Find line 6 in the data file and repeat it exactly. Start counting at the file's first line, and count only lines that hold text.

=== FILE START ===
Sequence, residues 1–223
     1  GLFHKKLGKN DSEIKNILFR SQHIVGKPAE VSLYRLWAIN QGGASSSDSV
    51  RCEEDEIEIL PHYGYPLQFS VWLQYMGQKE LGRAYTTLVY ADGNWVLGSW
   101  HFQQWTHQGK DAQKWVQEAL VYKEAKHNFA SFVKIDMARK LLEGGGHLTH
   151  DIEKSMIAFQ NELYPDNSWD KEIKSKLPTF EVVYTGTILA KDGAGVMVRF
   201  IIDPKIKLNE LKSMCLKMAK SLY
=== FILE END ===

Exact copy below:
   201  IIDPKIKLNE LKSMCLKMAK SLY